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Wellington Daily News - Wellington, KS
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Opinion page editor Rick Holmes and other writers blog about national politics and issues. Holmes & Co. is a Blog for Independent Minds, a place for a free-flowing discussion of policy, news and opinion. This blog is the online cousin of the Opinion ...
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Opinion page editor Rick Holmes and other writers blog about national politics and issues. Holmes & Co. is a Blog for Independent Minds, a place for a free-flowing discussion of policy, news and opinion. This blog is the online cousin of the Opinion section of the MetroWest Daily News in Framingham, Mass. As such, our focus starts there and spreads to include Massachusetts, the nation and the world. Since successful blogs create communities of readers and writers, we hope the \x34& Co.\x34 will also come to include you.
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By Rob Meltzer
Dec. 27, 2013 5:11 p.m.



There have been a number of books this year about an interesting phenomenon–the rise of mayors of major American cities as the real movers and shakers in the global economy. Benjamin Barber has even weighed in, particularly with the concept of the parliament of global mayors and the new sovereignty. These books are mildly interesting, but they do make one valid point–that certain mega cities have become city-states in recent years, and places like the New York Metropolitan Area, Mumbai, Lagos, Tokyo and others really aren’t just about picking up the garbage anymore.

Its for this reason that Bloomberg in New York and Walsh in Boston may be doomed to failure because, well, they want to be mayors, but they have been elected to lead cities that need doges. The issue in New York isn’t one of rich v. poor or republican v. democrat or downtown v. brooklyn or conservative v progressive as so many want to argue. The problem is that New York has thrived during the Bloomberg years because Bloomberg saw New York as his stage for the demonstration of his power. In a large way, Menino has done the same. The city as a place to live has, in large part, taken a secondary role to the concept that the city becomes a player in showing the prowess and skill of the mayor. Cities have become major ponzi scheme in recent years–both new money and new power need to float in to keep the ship afloat, call it trickle up. And if you stop bringing in the money and the power, the whole thing will be revealed as a scam. It is within the ambit of a good doge to keep all the plates in the air and spinning.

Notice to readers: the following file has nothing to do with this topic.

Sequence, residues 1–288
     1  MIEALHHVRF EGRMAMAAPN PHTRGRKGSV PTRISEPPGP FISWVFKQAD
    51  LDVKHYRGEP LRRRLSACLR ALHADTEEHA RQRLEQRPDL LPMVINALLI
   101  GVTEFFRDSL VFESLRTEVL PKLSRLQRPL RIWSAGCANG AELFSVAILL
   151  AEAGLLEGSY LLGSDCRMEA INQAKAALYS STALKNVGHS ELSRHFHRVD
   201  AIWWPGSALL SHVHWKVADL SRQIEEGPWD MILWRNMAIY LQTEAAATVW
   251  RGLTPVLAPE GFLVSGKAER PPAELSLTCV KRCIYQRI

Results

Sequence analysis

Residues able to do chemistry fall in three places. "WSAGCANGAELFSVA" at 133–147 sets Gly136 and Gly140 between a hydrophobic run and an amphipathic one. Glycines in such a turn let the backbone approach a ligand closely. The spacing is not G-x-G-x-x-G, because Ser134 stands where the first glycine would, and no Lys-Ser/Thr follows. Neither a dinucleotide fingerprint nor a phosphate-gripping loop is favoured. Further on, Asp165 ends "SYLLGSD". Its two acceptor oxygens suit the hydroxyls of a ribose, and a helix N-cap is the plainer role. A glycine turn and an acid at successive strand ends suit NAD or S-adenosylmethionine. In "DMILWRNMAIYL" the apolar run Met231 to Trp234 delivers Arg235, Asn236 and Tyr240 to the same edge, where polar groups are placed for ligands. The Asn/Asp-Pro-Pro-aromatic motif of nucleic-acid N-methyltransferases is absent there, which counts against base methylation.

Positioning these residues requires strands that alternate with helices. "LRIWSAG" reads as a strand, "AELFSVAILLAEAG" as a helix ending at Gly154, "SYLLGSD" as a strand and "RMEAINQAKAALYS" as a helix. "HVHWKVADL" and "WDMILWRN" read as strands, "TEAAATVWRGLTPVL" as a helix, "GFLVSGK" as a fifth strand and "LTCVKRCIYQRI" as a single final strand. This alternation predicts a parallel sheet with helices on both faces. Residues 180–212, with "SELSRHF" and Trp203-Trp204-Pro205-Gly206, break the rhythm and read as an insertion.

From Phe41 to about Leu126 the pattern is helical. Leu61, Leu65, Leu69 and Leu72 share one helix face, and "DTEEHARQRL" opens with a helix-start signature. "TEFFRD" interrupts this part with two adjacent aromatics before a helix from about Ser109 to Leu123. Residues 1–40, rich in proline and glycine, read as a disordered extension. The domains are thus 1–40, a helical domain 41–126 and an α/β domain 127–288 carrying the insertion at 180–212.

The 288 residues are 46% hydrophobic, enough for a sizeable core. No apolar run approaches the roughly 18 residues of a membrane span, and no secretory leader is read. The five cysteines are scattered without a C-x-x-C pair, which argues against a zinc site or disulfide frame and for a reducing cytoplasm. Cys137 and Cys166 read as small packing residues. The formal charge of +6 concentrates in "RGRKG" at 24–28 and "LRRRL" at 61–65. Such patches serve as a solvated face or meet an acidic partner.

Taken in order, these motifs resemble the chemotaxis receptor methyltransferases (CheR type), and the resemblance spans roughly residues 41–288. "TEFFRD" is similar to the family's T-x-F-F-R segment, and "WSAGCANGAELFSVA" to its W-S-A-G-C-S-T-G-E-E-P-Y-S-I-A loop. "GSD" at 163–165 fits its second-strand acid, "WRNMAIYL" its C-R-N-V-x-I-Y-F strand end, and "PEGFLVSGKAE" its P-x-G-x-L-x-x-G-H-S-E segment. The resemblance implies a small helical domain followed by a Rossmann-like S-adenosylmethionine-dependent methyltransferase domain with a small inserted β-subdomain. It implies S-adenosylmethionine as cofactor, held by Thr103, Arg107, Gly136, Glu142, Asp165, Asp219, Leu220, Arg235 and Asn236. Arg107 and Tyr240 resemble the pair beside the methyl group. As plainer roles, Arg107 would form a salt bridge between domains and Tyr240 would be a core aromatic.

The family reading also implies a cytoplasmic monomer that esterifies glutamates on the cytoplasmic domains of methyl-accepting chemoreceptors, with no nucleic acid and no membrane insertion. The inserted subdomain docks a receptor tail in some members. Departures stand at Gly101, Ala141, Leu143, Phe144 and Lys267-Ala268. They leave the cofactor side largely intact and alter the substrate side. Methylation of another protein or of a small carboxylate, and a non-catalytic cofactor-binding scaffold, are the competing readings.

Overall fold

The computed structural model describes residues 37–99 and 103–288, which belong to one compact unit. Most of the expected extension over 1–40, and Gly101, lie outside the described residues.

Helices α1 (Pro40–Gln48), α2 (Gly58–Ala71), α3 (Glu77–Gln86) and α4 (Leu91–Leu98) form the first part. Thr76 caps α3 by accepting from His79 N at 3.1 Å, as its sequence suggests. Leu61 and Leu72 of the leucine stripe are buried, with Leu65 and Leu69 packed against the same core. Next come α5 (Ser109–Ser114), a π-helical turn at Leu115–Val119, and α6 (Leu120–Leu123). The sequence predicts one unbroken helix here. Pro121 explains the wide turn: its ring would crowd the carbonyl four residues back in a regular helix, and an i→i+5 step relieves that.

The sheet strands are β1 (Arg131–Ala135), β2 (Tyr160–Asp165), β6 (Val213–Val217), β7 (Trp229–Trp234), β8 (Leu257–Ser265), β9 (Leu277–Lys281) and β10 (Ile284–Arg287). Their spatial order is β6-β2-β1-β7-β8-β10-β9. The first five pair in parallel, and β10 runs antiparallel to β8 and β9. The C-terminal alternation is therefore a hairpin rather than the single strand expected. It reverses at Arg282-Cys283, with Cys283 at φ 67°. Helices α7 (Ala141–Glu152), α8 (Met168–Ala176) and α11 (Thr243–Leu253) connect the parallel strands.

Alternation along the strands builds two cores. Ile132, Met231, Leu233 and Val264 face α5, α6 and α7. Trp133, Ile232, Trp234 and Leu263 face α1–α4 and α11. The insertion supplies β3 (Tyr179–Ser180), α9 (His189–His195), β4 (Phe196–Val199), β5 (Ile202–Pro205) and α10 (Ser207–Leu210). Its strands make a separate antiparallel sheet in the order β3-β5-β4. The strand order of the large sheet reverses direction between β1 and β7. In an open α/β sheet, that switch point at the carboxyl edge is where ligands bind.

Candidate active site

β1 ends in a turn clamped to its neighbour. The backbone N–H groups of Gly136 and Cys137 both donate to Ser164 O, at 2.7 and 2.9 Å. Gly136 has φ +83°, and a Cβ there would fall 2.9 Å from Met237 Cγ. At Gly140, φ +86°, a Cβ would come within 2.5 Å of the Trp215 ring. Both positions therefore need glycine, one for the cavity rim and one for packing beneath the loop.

So when you get new mayors who are homey, real folk who just want to help the poor in the hood, the real risk is that you are getting someone who just can’t keep the plates in the air. Instead of building better neighborhoods, you are likely to get fevalas, which is not going to be good. I wish Boston and New York luck with their new mayors. I think both new mayors are pigmies with little chance of success, not because they aren’t well intentioned, but because it is, no longer, 1978. One’s politics no longer matters. What matters, and on this I agree with Barber, is how well you can hob nob with the power people who make it all come together. It will be nice having a mayor in boston who speak English, and it will be interesting to have a mayor in New York with one kid with an afro on his head and another who’s a coke head, but amusement aside, these men just aren’t big enough for the job at hand.

 

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